Study highlights the non-inferiority of frozen sperm for intrauterine insemination treatments

Patients having intrauterine insemination for fertility treatment can be reassured that the use of cryopreserved sperm instead of fresh is not associated with inferior outcomes. The largest study of its kind, whose results are presented today at the 38th annual meeting of ESHRE, found no difference in pregnancy rates between cycles using cryopreserved or fresh sperm samples. The results of the study, presented today by Dr Panagiotis Cherouveim from Massachusetts General Hospital and Harvard Medical School, USA, were based on an analysis of 5335 intrauterine insemination cycles performed at his center between 2004 and 2021.

'Patients undergoing IUI should be counseled about the non-inferiority of frozen sperm,' said Dr Cherouveim.

Cryopreservation has become the world's favored method of sperm storage, and in most jurisdictions is a regulatory requirement for donor samples. This period of quarantine, which allows screening for infections before use, usually lasts up to six months (though for personal samples stored as a means of male fertility preservation may be longer). However, despite widespread use, there are concerns among patients that cryopreservation might reduce the viability of the frozen/thawed sperm cells, affecting their motility, structure and DNA content.

Contemporary data from intrauterine insemination cycles are still scarce.'

Dr Panagiotis Cherouveim, Massachusetts General Hospital and Harvard Medical School, USA

The study analyzed a range of outcomes following IUI treatments with either fresh or frozen sperm, which included a positive pregnancy test (hCG), clinical pregnancy, and miscarriage rate. The study also controlled for the type of ovarian stimulation either given or not given to women before their IUI treatment.(1)

Results after adjustments for confounding variables found similar clinical pregnancy rates between those using fresh and frozen samples – although there were some minor differences noted in a sub-group of patients having pre-treatment ovarian stimulation with oral medications (clomiphene citrate or letrozole). However, when the analysis was limited to a first cycle of treatment, these differences were no longer evident. The only lasting difference was that time-to-pregnancy was slightly longer in the frozen sperm group than in the fresh. Thus, commenting on the results overall, Dr Cherouveim said: 'Although, specific subgroups might benefit from fresh sperm utilization and time-to-pregnancy might be shorter with fresh than frozen sperm, patients should be counseled about the non-inferiority of frozen sperm. No detrimental effect of sperm cryopreservation on IUI outcomes was noted.'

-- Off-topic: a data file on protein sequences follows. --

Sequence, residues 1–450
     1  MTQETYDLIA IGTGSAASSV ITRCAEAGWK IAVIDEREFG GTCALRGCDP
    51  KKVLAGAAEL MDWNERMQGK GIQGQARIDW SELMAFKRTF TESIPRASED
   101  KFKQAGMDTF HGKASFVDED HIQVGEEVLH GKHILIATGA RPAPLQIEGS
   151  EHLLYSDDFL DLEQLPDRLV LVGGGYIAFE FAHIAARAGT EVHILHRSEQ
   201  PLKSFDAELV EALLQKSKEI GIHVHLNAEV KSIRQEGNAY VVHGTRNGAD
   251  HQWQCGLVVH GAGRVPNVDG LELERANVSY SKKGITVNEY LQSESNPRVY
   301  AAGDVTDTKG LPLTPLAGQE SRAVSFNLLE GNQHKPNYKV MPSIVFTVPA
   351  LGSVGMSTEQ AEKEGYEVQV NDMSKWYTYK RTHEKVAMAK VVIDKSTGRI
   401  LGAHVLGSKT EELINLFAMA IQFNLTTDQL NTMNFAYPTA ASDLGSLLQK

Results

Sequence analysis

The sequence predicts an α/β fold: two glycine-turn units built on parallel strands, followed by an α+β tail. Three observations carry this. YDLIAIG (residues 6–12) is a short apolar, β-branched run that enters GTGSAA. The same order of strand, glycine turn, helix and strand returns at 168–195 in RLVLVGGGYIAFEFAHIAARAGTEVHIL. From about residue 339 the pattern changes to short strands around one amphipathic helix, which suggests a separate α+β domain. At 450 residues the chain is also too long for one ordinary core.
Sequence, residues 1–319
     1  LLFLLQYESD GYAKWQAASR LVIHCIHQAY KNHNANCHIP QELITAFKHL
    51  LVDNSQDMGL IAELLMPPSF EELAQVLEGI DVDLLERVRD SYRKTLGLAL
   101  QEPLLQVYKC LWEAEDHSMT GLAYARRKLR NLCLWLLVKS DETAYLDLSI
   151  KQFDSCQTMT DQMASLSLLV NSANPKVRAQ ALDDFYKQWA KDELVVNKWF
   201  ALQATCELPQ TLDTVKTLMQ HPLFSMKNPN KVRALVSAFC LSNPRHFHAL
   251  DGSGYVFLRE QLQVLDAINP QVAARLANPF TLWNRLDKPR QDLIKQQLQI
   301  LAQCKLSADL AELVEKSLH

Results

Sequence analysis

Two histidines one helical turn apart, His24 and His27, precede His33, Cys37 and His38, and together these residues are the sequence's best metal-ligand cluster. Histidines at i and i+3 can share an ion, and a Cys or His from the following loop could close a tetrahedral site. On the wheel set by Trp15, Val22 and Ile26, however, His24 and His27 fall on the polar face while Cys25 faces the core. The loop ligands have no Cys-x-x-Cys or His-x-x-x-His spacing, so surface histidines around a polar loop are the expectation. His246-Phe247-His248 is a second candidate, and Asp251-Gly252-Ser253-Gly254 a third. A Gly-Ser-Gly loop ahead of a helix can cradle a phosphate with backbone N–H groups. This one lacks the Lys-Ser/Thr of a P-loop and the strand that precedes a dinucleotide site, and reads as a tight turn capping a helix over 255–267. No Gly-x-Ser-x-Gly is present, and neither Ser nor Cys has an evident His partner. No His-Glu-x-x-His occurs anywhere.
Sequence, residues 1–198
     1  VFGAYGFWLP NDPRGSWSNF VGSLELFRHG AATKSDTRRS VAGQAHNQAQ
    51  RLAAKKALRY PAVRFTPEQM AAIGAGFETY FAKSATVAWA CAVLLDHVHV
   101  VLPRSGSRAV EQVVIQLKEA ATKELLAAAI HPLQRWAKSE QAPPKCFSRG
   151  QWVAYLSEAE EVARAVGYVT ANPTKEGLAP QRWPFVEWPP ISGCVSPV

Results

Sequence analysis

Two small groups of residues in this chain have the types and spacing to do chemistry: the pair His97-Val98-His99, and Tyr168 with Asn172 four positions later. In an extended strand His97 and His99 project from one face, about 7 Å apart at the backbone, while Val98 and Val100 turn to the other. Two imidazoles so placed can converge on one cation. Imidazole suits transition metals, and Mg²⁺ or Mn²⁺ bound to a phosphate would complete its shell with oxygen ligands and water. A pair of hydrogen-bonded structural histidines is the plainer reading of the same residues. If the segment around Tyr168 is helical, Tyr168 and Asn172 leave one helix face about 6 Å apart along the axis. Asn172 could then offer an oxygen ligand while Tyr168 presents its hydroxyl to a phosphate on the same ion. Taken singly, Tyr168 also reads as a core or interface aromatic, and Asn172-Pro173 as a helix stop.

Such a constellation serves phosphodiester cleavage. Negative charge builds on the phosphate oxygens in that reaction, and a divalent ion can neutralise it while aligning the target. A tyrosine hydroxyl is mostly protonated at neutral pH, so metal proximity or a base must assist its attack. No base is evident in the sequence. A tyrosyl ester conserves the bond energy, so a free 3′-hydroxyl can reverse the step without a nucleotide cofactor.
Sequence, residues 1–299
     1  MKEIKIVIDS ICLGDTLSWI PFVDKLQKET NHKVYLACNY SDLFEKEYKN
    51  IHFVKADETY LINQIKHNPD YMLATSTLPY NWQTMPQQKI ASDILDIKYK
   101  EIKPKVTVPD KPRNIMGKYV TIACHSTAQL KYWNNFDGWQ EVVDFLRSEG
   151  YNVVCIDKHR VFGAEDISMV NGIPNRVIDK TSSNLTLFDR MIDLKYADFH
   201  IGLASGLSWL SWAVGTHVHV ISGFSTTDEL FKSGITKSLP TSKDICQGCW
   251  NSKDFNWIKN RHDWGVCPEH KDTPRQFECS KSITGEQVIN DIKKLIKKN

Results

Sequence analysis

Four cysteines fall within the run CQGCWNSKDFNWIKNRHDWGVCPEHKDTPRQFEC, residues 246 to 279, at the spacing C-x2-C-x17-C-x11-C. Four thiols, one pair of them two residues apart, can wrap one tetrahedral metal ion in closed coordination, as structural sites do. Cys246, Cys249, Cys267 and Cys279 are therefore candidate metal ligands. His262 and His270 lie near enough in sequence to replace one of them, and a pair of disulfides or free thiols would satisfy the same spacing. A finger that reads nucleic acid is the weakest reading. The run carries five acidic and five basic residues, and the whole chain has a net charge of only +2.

Commenting on the results, Dr Cherouveim said: 'The fact that our data did not reveal any significant difference in success between the utilization of fresh ejaculated and frozen sperm, except in a subgroup of patients given oral ovulation-inducing agents, is very reassuring to all involved.' He added that this might be especially welcome in single-mothers-by-choice and same sex couples for whom IUI with a cryopreserved sample might represent the one and only opportunity for conception in any given menstrual cycle. 'This further highlights the importance of the sample's quality,' he added.

Dr Cherouveim added that the majority of cryopreserved sperm samples in this study came from an anonymous donor, which reflects the everyday practice of most fertility centers. Despite the necessity of sperm cryopreservation for certain regulatory and procedural processes - as well as the fact that donors are usually young, healthy and often fertile individuals with excellent semen parameters - patients often express concern over the duration of freezing or that the sample only represents a portion of the ejaculate. However, said Dr Cherouveim, this study provides largely reassuring data on the non-inferiority of frozen sperm use.

He noted that there are very few arguments against these regulatory requirements: 'Quarantine and screening requirements are in line with safety principles, and are in place to protect patients. The upside of their implementation far outweighs any downsides.' Quarantine and screening will also help protect the health of future offspring.

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